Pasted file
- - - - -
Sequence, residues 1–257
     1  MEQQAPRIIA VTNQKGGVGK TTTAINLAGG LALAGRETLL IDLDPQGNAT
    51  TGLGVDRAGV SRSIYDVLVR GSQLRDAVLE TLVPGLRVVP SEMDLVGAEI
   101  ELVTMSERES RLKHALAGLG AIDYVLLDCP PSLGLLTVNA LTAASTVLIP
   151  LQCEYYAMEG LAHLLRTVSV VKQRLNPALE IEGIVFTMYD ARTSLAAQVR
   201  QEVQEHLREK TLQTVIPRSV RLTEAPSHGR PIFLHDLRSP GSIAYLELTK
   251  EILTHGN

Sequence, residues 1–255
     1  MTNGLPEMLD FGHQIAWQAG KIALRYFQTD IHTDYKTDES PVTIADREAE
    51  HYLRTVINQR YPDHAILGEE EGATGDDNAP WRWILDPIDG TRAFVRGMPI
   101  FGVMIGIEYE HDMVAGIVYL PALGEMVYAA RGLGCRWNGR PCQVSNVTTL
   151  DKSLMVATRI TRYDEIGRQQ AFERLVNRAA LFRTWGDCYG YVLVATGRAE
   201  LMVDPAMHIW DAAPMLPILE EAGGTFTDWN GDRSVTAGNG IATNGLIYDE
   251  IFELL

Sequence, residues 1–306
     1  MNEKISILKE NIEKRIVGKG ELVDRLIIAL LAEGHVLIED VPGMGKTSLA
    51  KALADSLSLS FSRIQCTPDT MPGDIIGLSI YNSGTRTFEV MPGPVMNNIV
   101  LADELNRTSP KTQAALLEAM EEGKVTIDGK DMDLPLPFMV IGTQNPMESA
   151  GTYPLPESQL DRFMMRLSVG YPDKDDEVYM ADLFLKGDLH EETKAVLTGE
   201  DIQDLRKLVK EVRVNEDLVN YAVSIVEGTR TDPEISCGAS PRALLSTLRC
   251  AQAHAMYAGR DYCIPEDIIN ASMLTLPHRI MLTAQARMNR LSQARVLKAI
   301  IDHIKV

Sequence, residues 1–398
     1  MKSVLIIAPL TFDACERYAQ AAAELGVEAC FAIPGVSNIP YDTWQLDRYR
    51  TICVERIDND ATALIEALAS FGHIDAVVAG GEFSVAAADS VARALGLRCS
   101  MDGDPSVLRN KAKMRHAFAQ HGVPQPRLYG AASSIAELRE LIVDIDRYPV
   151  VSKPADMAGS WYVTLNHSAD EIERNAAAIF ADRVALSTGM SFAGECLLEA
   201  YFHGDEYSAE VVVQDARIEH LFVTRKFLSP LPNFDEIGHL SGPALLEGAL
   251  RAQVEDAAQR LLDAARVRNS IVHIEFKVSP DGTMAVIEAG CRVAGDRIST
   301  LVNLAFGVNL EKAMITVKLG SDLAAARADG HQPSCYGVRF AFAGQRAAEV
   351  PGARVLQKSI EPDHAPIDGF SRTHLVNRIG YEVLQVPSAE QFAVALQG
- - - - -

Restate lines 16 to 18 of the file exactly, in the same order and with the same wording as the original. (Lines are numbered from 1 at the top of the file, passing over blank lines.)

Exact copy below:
     1  MNEKISILKE NIEKRIVGKG ELVDRLIIAL LAEGHVLIED VPGMGKTSLA
    51  KALADSLSLS FSRIQCTPDT MPGDIIGLSI YNSGTRTFEV MPGPVMNNIV
   101  LADELNRTSP KTQAALLEAM EEGKVTIDGK DMDLPLPFMV IGTQNPMESA